As shown in Panel A, tumor vessels have an abnormal endothelial-cell lining, detached pericytes, and a basement membrane that is abnormally thick or abnormally thin. These structural abnormalities — a result of excessive production of proangiogenic molecules such as vascular endothelial growth factor (VEGF) and down-regulation of antiangiogenic molecules such as thrombospondin — can make tumor vessels hyperpermeable. As shown in Panel B, by restoring balance between proangiogenic and antiangiogenic signaling in the endothelial cells, the tumor vessels become normalized both structurally and functionally. This normalization can decrease cancer-cell invasion into blood and lymphatic vessels, resulting in fewer shed cells in circulation and ultimately less metastasis. As shown in Panel C, leakiness reduces tumor perfusion and oxygenation. Reduced oxygen levels can impair the immune response, lower the efficacy of many anticancer therapies, and select for more invasive cancer cells. The blue arrows denote variables associated with abnormal vessels, and the red arrows denote variables associated with normalized vessels. A recent study by Mazzone et al.2 shows that endothelial cells with reduced levels of the oxygen sensor PHD2 can normalize tumor vessels by up-regulating the production of soluble VEGF receptor 1 (VEGFR-1) and VE-cadherin (an adhesion molecule). The former mops up excess VEGF produced by a tumor before it binds to its signaling receptor VEGF receptor 2 (VEGFR-2) on endothelial cells, and the latter tightens junctions between endothelial cells, rendering a "tighter" lining of endothelial cells. These observations suggest that anti-PHD2 agents, once developed, could be used to reduce edema and sensitize tumor cells to radiation therapy and chemotherapeutic agents.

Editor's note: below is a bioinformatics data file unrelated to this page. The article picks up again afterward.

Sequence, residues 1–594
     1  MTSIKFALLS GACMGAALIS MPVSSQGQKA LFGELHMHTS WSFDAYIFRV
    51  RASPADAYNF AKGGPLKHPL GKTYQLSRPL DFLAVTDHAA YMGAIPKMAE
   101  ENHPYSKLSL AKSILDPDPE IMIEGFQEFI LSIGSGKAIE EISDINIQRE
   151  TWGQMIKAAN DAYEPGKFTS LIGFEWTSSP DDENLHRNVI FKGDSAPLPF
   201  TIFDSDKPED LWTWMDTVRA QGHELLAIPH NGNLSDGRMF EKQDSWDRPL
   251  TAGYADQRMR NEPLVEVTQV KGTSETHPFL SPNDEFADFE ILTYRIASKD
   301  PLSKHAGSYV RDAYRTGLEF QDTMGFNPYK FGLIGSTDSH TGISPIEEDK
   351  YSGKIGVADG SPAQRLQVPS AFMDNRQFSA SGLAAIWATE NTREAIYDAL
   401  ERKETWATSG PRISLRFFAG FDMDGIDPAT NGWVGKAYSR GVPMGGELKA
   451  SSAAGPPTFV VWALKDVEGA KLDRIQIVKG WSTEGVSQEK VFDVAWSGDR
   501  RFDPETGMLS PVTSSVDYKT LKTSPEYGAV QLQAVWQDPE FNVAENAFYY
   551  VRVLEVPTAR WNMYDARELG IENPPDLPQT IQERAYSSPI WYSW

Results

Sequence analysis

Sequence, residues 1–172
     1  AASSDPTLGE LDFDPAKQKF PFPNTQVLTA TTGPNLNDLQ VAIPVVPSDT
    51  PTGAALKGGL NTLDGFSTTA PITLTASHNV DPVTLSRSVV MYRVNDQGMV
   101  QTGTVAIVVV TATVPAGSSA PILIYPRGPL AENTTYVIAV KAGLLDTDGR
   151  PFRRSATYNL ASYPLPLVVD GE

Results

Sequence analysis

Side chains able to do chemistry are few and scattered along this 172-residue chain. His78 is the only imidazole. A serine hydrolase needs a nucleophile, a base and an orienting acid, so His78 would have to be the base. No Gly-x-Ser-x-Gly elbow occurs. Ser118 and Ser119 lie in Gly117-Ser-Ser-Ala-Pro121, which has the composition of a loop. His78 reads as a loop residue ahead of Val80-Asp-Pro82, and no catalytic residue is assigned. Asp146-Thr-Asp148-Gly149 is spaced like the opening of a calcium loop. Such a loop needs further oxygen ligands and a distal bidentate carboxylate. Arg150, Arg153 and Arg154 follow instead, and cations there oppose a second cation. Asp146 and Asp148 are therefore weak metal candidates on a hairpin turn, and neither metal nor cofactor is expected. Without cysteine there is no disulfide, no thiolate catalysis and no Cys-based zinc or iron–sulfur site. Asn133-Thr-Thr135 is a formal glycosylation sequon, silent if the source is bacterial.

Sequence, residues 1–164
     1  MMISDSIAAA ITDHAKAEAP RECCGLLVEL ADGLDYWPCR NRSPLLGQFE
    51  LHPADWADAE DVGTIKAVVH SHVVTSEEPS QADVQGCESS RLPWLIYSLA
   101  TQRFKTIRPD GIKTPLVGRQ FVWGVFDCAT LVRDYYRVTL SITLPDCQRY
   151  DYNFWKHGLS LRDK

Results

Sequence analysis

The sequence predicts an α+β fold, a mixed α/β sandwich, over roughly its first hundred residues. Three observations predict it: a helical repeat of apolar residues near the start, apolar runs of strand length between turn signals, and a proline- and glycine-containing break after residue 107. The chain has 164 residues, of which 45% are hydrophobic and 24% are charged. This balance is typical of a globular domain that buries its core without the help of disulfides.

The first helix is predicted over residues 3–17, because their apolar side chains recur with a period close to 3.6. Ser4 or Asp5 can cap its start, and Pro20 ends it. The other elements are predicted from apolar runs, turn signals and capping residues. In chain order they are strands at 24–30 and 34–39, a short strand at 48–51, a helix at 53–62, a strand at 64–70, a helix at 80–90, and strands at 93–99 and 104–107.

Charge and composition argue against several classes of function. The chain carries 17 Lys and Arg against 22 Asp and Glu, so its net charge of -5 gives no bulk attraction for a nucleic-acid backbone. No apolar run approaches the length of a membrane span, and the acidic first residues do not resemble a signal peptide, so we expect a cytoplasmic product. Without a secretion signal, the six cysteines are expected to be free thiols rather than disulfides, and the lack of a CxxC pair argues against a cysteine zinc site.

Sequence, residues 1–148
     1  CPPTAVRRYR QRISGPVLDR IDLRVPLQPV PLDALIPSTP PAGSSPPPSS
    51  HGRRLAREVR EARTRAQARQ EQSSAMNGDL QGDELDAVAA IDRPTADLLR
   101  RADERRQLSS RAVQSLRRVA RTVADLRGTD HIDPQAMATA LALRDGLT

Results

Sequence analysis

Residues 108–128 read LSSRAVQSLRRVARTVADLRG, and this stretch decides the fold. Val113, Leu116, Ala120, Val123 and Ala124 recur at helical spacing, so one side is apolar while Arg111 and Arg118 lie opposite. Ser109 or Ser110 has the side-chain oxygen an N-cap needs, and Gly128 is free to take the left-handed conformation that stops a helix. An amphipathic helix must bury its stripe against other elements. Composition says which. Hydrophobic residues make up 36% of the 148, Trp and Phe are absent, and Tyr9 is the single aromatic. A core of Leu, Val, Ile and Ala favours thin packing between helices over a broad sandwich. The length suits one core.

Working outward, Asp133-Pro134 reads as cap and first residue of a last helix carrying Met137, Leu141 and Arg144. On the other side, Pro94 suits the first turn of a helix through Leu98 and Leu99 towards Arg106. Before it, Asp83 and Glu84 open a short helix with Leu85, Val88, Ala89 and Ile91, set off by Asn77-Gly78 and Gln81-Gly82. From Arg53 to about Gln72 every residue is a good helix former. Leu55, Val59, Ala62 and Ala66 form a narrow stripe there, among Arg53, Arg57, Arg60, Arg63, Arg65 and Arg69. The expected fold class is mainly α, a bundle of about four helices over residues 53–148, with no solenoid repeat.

Judicious application of direct or indirect antiangiogenesis agents may thus restore the balance between proangiogenic and antiangiogenic signaling and thereby "normalize" the tumor vasculature (Figure 1).3 In addition to being more efficient for oxygen and drug delivery, the normalized vessels can prevent metastasis by hindering intravasation of cancer cells. Vascular normalization can also reduce tissue hypoxia and interstitial fluid pressure. Increased oxygen levels can sensitize cancer cells to radiotherapy and a number of chemotherapy drugs and increase the immune response to the tumor. Reduced interstitial fluid pressure can decrease tumor-associated swelling (edema) and reduce the likelihood of lymphatic metastasis. Independent of these effects, alleviation of hypoxia can decrease the selection pressure on cancer cells and thus prevent the evolution of a more malignant phenotype. These consequences of normalization have been validated in the research setting, and some of them have been validated in the clinical setting.1